Pension accounting reform and future cash flow predictability

Michael T. Dugan, Elizabeth H. Turner, Clark M. Wheatley

Research output: Contribution to journalArticlepeer-review


Purpose: This paper aims to examine the association of accruals and disaggregated pension components with future cash flows and also to investigate whether investors distinguish between pension information that is recognized (SFAS 158) versus disclosed (SFAS 132). Design/methodology/approach: Regression analysis is used with a proxy for expected future cash flows as the dependent variable, and the components of pension disclosures as well as controls for the 2008-2009 financial crisis as the independent variables. Findings: The results reveal that incorporating disaggregated pension components increases the ability to predict future cash flows, and that investors attach different pricing multiples to the various components in the models. The authors also find that during the 2008-2009 financial crisis, the signs of the coefficients on these components changed. Finally, the results indicate that investors assign more significance to pension accounting information that is recognized, as opposed to disclosed, and that disclosure affects the allocation of pension assets. Originality/value: The authors provide empirical support for the conjecture posited by Amir and Benartzi (1998) that the prediction of future cash flows will be enhanced by the incorporation of the components of pension assets and liabilities. Importantly from a standard setting perspective, the authors also find evidence that investors assign more significance to pension accounting information that is recognized in the financial statements than to pension information that is disclosed.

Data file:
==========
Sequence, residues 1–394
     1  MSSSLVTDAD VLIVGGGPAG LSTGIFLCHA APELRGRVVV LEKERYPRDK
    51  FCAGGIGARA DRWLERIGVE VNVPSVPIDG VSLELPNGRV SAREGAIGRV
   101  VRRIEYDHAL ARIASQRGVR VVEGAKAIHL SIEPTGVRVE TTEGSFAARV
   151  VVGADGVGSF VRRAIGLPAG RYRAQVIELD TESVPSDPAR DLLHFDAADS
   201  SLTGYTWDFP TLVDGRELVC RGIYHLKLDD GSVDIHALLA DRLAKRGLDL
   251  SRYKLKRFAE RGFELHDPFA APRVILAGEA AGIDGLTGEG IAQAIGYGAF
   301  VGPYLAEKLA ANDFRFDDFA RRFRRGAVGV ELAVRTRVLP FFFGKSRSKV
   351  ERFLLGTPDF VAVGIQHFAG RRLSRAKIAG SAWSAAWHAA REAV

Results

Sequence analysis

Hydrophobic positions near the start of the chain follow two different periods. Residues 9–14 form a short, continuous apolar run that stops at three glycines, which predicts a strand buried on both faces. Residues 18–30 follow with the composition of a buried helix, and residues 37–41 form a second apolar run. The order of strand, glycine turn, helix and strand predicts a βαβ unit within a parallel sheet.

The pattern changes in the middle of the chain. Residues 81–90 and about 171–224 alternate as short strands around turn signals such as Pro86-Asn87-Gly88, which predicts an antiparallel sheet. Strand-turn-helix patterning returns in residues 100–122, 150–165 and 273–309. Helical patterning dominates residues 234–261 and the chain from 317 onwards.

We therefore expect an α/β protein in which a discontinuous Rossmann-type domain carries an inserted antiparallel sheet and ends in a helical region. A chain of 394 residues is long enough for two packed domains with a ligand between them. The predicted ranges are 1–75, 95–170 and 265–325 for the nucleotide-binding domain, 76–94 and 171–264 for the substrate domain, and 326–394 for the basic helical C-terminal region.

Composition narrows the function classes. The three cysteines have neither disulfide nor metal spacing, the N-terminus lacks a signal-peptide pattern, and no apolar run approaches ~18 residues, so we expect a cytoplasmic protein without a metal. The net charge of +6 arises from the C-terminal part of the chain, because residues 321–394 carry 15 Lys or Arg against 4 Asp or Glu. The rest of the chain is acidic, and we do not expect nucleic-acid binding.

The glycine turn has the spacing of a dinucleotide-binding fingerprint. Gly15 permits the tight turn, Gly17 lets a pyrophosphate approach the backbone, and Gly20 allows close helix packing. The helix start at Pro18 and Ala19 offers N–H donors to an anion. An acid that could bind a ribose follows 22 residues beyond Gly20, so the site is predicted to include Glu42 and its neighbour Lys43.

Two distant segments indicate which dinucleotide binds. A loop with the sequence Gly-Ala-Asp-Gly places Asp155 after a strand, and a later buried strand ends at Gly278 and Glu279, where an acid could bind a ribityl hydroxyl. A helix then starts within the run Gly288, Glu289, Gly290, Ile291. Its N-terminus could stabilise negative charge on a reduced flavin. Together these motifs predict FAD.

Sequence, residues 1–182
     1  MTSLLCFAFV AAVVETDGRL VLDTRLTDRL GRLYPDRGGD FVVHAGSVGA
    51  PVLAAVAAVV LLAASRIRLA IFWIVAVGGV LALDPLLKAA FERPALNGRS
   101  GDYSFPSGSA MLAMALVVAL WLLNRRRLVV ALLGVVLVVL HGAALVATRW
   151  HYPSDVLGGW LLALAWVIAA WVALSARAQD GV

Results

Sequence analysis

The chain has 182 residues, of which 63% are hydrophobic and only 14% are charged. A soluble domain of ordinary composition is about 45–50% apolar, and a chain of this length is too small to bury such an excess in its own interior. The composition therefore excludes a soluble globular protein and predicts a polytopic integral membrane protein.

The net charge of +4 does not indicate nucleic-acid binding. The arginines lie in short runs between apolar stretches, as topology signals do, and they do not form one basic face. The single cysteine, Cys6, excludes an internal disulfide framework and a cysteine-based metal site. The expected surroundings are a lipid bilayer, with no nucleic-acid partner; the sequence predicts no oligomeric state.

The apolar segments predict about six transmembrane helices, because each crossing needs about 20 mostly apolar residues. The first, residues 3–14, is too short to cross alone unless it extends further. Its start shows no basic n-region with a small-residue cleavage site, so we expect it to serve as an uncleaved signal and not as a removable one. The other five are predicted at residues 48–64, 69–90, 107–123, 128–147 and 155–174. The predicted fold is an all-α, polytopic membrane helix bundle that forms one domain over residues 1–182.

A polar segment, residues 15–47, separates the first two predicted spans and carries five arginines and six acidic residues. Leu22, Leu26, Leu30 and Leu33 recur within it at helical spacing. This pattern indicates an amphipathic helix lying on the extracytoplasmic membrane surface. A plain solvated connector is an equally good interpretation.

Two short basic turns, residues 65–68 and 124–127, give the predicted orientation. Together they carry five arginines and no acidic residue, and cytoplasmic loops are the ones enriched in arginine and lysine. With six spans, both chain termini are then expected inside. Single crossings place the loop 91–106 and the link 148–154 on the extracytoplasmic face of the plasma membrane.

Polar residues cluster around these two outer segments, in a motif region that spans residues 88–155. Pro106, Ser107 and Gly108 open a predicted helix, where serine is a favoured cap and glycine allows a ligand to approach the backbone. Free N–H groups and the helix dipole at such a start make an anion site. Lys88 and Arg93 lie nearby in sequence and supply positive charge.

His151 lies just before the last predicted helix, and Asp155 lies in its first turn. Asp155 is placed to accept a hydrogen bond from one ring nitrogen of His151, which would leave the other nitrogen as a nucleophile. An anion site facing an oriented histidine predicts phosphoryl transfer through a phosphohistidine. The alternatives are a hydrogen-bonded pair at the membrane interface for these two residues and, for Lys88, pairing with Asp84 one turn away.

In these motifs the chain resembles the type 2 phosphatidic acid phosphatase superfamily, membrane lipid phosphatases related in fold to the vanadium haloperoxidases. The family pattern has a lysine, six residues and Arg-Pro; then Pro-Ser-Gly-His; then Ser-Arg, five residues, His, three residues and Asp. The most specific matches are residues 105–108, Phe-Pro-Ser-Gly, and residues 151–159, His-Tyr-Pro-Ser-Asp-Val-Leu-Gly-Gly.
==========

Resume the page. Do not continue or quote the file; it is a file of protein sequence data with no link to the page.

Original languageEnglish (US)
Pages (from-to)86-108
Number of pages23
JournalJournal of Financial Economic Policy
Issue number1
StatePublished - Jan 1 2017


  • Accounting and auditing
  • Accruals
  • Cash flows
  • Disclosure
  • Pension funds
  • Recognition

ASJC Scopus subject areas

  • Finance
  • Economics and Econometrics


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